This need to change the use of technology over time is well understood by the military. The Harrier was originally designed as a technology demonstrator, then became a low-level ground attack aircraft, followed by a naval interceptor and ultimately a high flying ‘bomber’. It was originally intended to fight for NATO in Germany, not in Afghanistan or off ships.
Similarly, the Invincible class aircraft carriers went full circle from helicopter ‘cruisers’, to ‘strike’ carriers’, ending as helicopter carriers again. Integrating the Harrier with them was a big challenge – but one that their conceptual flexibility allowed. A flexible concept, even if an old one, is seen as a valuable one by the military. Adaptation is the product of this flexibility.
The main lesson is that while basic technologies take many years to develop, proven concepts can be adapted quite readily. New technology can be inserted into the concept when available, but a wholly new concept has huge risks, uncertainties and, as with all innovations, a high failure rate.
This aspect is one that has yet to be fully understood in our studies of technology and innovation, where novelty is seen as the key to innovation, and how and why past technologies persist is largely ignored.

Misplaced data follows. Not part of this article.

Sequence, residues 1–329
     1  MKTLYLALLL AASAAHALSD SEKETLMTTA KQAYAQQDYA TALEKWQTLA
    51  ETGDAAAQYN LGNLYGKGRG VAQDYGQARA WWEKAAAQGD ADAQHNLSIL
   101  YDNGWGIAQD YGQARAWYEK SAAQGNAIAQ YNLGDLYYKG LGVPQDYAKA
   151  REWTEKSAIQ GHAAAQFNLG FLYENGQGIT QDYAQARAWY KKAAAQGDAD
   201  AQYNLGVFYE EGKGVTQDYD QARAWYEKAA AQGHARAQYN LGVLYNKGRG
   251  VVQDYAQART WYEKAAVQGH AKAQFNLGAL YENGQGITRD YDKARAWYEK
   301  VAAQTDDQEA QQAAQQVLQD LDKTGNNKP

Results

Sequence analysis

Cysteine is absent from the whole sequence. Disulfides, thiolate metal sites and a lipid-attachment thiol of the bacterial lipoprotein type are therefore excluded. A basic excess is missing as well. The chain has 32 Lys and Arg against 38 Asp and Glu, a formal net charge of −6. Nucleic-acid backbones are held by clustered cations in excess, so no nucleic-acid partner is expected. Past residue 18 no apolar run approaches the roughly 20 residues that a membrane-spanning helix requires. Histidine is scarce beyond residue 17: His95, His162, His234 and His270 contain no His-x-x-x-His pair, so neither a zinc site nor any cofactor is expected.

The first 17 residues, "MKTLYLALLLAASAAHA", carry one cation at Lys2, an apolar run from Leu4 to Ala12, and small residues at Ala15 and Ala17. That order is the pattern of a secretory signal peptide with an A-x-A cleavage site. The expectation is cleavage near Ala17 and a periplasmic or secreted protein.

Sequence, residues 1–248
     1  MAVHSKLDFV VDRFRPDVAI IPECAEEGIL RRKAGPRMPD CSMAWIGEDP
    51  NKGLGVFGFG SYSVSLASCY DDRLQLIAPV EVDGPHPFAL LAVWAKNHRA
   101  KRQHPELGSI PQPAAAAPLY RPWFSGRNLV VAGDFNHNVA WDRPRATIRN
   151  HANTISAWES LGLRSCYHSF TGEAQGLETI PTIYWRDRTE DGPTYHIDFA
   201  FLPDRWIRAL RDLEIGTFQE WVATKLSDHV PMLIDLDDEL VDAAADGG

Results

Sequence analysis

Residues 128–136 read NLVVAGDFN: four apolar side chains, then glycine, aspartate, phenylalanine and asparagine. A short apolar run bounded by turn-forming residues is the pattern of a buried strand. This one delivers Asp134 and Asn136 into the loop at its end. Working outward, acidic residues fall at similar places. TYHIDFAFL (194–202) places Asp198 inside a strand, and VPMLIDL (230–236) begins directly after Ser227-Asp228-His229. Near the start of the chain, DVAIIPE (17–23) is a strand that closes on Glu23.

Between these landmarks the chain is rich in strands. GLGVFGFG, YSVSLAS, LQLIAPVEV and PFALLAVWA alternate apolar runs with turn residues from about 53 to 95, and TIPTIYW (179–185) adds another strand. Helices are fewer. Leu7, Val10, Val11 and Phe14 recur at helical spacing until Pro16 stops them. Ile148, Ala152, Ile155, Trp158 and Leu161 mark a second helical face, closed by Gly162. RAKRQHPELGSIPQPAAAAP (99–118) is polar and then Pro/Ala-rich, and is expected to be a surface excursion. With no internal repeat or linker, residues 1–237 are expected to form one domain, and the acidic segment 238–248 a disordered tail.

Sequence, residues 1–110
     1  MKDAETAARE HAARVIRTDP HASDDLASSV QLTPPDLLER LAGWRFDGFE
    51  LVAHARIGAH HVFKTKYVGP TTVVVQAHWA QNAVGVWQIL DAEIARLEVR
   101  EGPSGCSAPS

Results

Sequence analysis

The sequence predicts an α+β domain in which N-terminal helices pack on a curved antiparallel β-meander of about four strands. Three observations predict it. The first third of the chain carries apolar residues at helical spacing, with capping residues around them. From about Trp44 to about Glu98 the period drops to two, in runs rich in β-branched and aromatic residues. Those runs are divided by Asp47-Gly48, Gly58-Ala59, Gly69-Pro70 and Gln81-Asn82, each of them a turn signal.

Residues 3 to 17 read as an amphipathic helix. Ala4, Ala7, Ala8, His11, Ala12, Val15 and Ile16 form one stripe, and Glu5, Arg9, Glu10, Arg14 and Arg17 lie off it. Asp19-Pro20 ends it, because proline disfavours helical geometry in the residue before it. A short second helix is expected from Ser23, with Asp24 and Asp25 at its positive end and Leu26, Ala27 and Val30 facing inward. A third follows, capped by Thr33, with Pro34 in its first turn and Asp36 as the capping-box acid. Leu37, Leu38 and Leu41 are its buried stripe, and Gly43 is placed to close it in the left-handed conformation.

Understanding that the old fashioned nature of a concept may mask its future adaptability allows us to see technology from a new aspect. It is in understanding how we adapt technologies over time, rather than how we understand them at a single point in time, which matters most.
For government policy, basing decisions on knowledge gained from exploring this aspect, rather than on future driven foresight-type studies, may offer more a useful approach to technology.
That is where the study of the military approach to technology may be able to illustrate things more widely. In the academy there is often a wish to avert the gaze from military technology, but by looking more closely we may learn more about technology more widely.